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Could Humanity Survive Without Trees?

Could Humanity Survive Without Trees?

This episode is brought to you by Skillshare. The first 1,000 people to sign up using the
link in the description will get their first 2 months free. There are many natural and human sources of
carbon dioxide or CO2 as it’s better known. These include burning fossil fuels such as
coal, natural gas, and oil. Other sources are decomposition, ocean release,
and, of course, all the breathing that people and animals do to stay alive. Fortunately, we have plant life that absorbs
a lot of that CO2 and releases it back into the atmosphere as oxygen. Trees are the main workers in this process,
and we can think of them like the lungs of the planet. But what if you woke up one day and opened
the blinds, and there was not a tree in sight? What would happen to the planet? That’s what we intend to find out in this
episode of The Infographics Show, Could Humanity Survive Without Trees? Before we answer this crazy question, let’s
first look at some of the cool stuff that trees do: 5. A mature tree can absorb roughly 48 pounds
(21.8 kg) of CO2 a year, which is about the same weight as 10 standard bags of sugar that
you might buy at your local market. Or another way to look at this is that an
acre (4047 square meters) of trees absorbs enough carbon dioxide in a year to equal the
amount produced when you drive a car 26,000 miles (41,843 km)! 4 Then there’s ozone. Ozone is a natural layer of gas in the upper
atmosphere, which protects humans and other living things from harmful ultraviolet light. Trees help to reduce ozone levels in urban
areas. As an example, in New York City, a 10% increase
in urban canopy translated to a reduction of peak ozone levels by around 4 parts per
billion. 3. Trees also absorb sound and reduce noise pollution. So if you live near a freeway or railroad
track, a group of trees is very useful to quiet down the noise and allow you to sleep
more easily. 2. Trees can help reduce air temperature by blocking
sunlight. We’ve all experienced this when on holiday,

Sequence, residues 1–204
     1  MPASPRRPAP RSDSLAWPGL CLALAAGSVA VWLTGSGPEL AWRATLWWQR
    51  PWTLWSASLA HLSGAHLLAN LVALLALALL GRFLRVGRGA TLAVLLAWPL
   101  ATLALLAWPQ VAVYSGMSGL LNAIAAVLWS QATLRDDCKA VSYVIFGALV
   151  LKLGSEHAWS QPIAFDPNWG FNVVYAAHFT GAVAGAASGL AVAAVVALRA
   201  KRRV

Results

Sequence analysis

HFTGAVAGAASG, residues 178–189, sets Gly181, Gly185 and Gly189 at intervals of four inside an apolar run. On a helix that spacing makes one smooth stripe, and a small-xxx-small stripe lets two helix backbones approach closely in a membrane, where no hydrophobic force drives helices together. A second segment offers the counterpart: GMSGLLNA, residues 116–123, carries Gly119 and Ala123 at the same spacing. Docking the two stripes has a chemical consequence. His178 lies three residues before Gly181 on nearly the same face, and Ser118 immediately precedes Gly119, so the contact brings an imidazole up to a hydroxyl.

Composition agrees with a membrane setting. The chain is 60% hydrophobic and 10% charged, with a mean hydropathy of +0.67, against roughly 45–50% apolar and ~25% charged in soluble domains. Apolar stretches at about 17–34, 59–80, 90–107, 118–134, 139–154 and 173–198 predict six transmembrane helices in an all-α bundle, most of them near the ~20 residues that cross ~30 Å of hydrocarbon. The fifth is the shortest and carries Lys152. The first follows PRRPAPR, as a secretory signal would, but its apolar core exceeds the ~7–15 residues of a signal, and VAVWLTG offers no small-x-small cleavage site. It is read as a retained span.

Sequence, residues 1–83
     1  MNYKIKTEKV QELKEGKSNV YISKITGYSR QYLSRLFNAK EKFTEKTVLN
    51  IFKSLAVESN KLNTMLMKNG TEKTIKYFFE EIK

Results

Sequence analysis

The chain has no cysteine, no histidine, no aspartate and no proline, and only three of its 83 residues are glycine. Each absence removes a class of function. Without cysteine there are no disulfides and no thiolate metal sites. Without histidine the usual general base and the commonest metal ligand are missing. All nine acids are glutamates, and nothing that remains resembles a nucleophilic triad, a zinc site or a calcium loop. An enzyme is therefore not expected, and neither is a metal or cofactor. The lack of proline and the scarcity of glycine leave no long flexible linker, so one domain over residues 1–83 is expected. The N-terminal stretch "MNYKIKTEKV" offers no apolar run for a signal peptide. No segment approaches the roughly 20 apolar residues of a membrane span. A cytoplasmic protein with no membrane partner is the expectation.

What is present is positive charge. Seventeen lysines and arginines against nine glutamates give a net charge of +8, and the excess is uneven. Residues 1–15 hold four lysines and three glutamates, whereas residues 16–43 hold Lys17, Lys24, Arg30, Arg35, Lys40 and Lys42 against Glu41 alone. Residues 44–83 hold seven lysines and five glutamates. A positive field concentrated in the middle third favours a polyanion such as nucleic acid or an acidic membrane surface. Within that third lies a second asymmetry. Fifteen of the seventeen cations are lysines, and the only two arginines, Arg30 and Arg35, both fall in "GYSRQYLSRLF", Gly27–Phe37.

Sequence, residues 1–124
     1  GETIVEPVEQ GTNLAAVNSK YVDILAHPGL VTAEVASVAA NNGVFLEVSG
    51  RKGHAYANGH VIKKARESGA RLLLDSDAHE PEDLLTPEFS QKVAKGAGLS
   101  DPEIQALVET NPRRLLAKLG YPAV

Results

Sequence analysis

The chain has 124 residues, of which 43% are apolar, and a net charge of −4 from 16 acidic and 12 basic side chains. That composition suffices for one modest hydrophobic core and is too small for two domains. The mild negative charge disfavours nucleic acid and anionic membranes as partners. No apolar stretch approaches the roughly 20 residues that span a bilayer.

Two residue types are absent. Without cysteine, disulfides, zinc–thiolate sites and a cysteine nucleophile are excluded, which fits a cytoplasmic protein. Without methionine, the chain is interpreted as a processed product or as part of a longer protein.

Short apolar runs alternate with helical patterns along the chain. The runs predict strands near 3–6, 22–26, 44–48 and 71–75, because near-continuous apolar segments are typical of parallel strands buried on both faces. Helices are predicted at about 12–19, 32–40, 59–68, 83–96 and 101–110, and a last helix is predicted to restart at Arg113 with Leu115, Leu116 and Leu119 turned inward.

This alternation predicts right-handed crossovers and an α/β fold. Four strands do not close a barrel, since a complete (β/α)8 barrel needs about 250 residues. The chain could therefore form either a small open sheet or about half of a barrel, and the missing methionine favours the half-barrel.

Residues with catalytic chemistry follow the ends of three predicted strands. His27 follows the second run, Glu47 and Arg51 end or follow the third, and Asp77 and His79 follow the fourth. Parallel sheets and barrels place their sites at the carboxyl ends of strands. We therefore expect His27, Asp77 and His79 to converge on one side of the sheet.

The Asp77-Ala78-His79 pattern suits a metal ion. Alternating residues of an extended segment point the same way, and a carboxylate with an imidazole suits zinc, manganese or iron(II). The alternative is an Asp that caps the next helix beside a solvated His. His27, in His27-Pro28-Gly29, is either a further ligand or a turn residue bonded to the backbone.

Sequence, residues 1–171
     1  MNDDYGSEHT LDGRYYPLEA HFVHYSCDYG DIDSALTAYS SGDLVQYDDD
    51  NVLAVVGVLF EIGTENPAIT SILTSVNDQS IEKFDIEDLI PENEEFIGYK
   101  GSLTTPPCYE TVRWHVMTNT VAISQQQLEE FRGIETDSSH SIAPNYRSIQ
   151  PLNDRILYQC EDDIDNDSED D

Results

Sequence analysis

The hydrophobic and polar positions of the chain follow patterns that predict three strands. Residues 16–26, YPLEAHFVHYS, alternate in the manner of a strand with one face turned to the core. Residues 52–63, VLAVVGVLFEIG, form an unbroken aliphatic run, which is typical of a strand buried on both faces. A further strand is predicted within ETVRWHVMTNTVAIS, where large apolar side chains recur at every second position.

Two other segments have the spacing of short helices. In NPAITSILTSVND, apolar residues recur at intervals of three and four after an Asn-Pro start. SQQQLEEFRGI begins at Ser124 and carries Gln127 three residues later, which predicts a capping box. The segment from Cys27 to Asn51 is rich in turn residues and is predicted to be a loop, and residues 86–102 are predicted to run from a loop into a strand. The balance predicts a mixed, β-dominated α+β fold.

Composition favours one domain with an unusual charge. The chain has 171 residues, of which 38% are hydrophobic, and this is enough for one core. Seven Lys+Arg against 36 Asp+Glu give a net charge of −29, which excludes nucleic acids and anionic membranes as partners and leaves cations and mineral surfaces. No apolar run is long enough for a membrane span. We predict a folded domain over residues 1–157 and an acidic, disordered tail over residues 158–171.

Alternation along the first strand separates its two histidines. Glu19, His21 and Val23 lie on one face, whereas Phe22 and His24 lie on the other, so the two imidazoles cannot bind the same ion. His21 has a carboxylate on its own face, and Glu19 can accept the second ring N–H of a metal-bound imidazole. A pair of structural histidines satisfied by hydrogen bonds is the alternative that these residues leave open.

and the sun is scorching. No better place to hide from the sun than
in the shadow created by the canopy of a few palm trees. 1. When there’s a big storm, trees help reduce
runoff water, which in turn decreases soil erosion and the accumulation of sediments
and potentially harmful chemicals transported to our streams. Okay, so there are a few major factors that
make trees pretty darn important. And there are a whole lot more. But then we’re not here just to discuss
what trees do. We want to know what would happen if they
all disappeared. There are approximately 3 trillion trees on
planet Earth according to Research Gate’s Crowther et al. 2015 Nature Report. And these trees cover 31% of the world’s
land surface. For a start, the planet would look very different
if all the trees were gone. Humans are cutting a lot of trees down, but
it would still take decades or even hundreds of years to remove every last one. But in our imaginary scenario, let’s assume
by some act of God, the whole lot disappeared overnight. What would happen? The main issue would be the huge reduction
in oxygen levels in the atmosphere. Oxygen makes up roughly 21% of the Earth’s
atmosphere, and our bodies need it to survive because it makes up as much as 65% of the
human body. And it’s also responsible for 90% of the
body’s energy. People can live for about a month without
food and a week without water but only a few minutes without oxygen. Trees produce about half the oxygen in the
atmosphere. They do this through photosynthesis, which
allows plants to convert energy from the sun into chemical energy and later release it
as oxygen. The remainder is produced in the oceans and
by microscopic marine organisms called phytoplankton. So the environment would still have oxygen
mixed in with the air we breathe even if all trees were gone. But would it be enough for humans to survive? It’s not an easy question to answer as it
takes a fair bit of guesswork, and many online experts have differing opinions. Scitable, a site that brings together information
from a worldwide community of scientists, researchers, teachers and students, has made
the following calculations. If the ocean-dwelling phytoplankton provide
us with half our required oxygen, then at current population levels we should be able
to survive for at least 4000 more years. So not so bad hey? However, there are many other factors to take